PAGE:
The U.N. Security Council is preparing for an orderly shutdown of the U.N. police mission in Bosnia, having almost abandoned hope that Washington will change its mind in demanding immunity for American peacekeepers from a new global criminal court. The United States vetoed a six-month extension of the Bosnia operation Sunday, then agreed to keep it alive for three more days, while negotiations continued on a way out of the impasse.
With the deadline looming for renewal of the U.N. operation in Bosnia and no sign of flexibility from Washington, U.N. diplomats are scrambling for solutions. No one wants to leave the Bosnians without support, as the country tries to forge an independent, stable police force of its own.
Security Council president, Jeremy Greenstock of Britain, said a possible and likely alternative would be to have the Europeans move in as fast as possible. The European Union was scheduled to take over the mission in December, in any case.
"The general aim would be to make the gap between UNMIBH ceasing its functions on the ground and the EU starting its functions on the ground in the same area as short as possible. It may be a matter of EU acceleration. It may be a matter of UNMIBH delay," he said. "The closer we can come to meeting them middle between those two things, obviously the better."
The British ambassador says the Security Council does not want to see U.N. peacekeeping held hostage to U.S. fears, which legal experts generally insist are unfounded. But unless the Council can work its way through the impasse, Ambassador Greenstock sees more trouble this month for about four U.N. operations that are coming up for renewal, including a long-standing one in Lebanon.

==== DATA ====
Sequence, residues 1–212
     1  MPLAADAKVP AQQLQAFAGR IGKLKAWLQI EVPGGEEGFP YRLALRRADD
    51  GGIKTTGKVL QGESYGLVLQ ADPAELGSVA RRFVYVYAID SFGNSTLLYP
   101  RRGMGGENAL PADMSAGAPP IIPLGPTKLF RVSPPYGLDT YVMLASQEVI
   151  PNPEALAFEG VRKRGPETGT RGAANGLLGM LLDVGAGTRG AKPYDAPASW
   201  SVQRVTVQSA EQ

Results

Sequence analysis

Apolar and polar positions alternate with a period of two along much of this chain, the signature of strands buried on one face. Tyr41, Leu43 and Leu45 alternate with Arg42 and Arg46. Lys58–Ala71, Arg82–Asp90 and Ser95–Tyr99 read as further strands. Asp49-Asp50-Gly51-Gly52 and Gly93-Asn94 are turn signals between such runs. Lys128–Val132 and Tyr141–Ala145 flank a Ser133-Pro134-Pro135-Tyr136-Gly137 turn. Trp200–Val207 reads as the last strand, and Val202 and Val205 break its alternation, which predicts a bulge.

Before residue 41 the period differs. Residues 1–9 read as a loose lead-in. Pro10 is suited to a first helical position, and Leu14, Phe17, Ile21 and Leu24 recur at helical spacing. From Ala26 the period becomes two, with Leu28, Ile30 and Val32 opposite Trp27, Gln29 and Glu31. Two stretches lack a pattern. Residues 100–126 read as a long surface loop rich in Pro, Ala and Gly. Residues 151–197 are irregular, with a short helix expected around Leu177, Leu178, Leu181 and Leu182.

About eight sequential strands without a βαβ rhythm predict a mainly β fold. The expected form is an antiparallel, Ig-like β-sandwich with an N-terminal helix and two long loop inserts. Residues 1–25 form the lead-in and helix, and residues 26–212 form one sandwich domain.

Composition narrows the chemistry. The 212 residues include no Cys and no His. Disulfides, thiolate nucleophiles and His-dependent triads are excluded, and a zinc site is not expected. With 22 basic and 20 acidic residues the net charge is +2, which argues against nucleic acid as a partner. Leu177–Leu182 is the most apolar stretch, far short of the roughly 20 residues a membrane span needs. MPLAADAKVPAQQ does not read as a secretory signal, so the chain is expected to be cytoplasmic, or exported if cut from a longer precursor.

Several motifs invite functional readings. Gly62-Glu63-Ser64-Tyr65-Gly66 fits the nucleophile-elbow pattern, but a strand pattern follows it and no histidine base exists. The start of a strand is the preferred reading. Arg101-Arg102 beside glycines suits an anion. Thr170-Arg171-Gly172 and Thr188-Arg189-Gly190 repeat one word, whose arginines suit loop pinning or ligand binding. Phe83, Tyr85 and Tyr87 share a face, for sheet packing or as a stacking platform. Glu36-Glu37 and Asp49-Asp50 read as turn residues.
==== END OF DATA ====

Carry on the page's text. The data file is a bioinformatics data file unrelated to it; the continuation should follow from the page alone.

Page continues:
"They really do not want to go through this agony every time a peacekeeping operation comes up," he said. "Obviously, we want the business of peacekeeping of the United Nations to proceed in the normal way without interruption."
U.S. diplomats had hoped the Council would adopt what they refer to as a generic resolution, which would settle the issue once and for all. It would permanently exempt U.S. peacekeepers everywhere from the jurisdiction of the criminal court, not just in Bosnia.
However, the Security Council has resisted that idea. Council diplomats say even a limited exemption for Bosnia undermines the credibility of the new court, which only came into being July 1.
The International Criminal Court was created to try crimes against humanity, including genocide.